“I don’t remember which one of my guys thought of pulling cars up to the Wal-Mart parking lot to save time, but it was a great idea, because we were taking way too long getting them out of here otherwise,” Reckner says. “A lot of people just came up with better ways to do things and people were helping however they could.”
As staff frantically shuffled vehicles, Reckner instructed Scotia customer service representative Bernadette Smith to contact the phone company and roll calls to the Ballston Lake shop. Smith also loaded a crate with files for each vehicle the shop was working on and set up a temporary workstation in Ballston Lake. Staff yanked the server from Scotia and set it up in the other shop, so Smith had access to all of the information she needed to contact customers and insurance companies and inform them of the situation and the status of vehicles.
“We didn’t want customers to not know what was going on,” she says.
She says nearly every customer and insurer was understanding and grateful for the notification, since many of them had heard that the area would flood. Some customers called the shop before she could reach out to them.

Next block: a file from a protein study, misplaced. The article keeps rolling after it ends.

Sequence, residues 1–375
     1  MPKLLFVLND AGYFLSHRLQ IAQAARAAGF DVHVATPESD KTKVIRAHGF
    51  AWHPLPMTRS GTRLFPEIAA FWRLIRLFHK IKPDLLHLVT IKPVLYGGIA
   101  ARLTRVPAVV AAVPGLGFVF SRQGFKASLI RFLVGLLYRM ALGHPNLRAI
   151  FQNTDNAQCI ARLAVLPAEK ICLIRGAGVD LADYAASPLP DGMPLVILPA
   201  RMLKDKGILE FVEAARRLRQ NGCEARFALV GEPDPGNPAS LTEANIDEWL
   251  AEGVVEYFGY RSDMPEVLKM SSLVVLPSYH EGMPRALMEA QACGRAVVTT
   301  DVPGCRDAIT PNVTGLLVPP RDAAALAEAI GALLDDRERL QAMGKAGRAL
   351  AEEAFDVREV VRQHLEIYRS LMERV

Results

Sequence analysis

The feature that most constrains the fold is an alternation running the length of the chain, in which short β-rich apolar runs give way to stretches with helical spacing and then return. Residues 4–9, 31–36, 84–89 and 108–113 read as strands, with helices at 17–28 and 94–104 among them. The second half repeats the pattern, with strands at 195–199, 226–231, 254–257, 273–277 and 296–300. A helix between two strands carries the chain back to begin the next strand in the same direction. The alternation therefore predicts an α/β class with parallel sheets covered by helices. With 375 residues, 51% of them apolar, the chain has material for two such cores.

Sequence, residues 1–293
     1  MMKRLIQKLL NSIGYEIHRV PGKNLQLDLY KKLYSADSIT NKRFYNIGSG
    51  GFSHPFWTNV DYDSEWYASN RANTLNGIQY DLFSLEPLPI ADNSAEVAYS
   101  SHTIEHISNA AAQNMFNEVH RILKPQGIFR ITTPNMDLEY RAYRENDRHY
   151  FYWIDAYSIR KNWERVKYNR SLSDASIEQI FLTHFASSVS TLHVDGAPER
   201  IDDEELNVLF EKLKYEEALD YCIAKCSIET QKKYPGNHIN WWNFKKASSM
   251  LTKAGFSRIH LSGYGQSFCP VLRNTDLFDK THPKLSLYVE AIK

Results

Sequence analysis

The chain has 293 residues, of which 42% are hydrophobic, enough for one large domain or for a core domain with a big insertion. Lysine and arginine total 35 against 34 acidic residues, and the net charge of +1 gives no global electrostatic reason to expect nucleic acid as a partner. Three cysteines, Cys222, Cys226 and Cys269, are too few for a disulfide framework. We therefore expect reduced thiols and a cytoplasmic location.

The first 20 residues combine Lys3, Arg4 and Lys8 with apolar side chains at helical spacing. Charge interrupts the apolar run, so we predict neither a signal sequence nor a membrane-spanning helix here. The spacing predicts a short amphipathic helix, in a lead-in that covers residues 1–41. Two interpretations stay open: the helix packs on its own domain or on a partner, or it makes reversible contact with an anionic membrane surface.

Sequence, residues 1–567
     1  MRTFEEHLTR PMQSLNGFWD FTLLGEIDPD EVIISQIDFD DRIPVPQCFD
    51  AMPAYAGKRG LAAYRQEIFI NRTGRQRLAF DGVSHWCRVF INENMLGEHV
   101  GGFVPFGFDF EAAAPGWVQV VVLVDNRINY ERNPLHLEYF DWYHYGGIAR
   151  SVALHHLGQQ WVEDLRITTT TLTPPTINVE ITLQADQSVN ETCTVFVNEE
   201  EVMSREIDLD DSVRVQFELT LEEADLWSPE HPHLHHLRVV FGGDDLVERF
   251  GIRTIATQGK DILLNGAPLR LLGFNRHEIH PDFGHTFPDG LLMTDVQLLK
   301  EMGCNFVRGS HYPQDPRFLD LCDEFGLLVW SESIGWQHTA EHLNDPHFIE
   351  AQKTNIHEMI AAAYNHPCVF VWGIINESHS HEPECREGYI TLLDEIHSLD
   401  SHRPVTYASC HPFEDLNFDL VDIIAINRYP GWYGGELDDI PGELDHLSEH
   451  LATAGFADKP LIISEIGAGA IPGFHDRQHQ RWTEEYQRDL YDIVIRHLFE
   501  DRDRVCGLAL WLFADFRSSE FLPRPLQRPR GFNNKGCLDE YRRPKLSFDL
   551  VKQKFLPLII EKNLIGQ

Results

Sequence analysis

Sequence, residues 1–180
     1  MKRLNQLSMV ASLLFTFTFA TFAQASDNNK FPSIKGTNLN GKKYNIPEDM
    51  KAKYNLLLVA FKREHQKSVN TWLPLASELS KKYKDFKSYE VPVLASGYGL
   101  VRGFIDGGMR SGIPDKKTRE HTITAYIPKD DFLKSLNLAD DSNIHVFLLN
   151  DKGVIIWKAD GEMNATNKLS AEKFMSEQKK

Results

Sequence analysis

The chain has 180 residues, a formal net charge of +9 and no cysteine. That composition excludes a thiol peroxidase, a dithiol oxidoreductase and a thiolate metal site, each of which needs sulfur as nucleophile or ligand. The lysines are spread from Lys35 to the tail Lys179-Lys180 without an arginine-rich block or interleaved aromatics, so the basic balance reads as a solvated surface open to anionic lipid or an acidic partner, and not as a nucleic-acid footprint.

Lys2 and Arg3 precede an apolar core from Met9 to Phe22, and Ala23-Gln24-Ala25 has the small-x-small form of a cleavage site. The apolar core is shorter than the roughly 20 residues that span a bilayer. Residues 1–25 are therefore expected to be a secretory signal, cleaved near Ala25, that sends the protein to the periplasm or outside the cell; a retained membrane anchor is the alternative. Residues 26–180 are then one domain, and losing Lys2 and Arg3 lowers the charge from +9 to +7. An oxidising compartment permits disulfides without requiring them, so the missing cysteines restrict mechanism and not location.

As Smith worked in Ballston Lake, staff in Scotia loaded lifts with tools, equipment and furniture. Reckner says his facilities had been working on lean processes and many tools were already mounted out of the flood’s reach—he was told to expect three or four feet of water.
Some items, such as computers, were loaded into trucks and moved because there wasn’t enough room on lifts or shelves. Reckner was warned of the flood around 7 a.m. and had all vehicles and major equipment out of harm’s way within a couple of hours.
“As we drove out at 9 or 9:30 a.m., we drove through water to get out,” Reckner says. “Water was coming into the building at that point. And from then on it was a waiting game.”
Things were getting hectic when painter Julio Santana showed up on the day of the flood—his first day of work at Elmo’s. He was hired to work at the Scotia shop, but spent the day painting cars in Ballston Lake, utilizing the shop’s second booth, which was often underused. What surprised him was the intense effort employees and community members put into helping Elmo’s Auto Body. Reckner had built such a positive rapport with everyone he came in contact with that no one hesitated to lend a hand.
“That first day showed me what kind of person he was and how fast people came to help him,” Santana says. “Another shop even offered to let us use their booth.”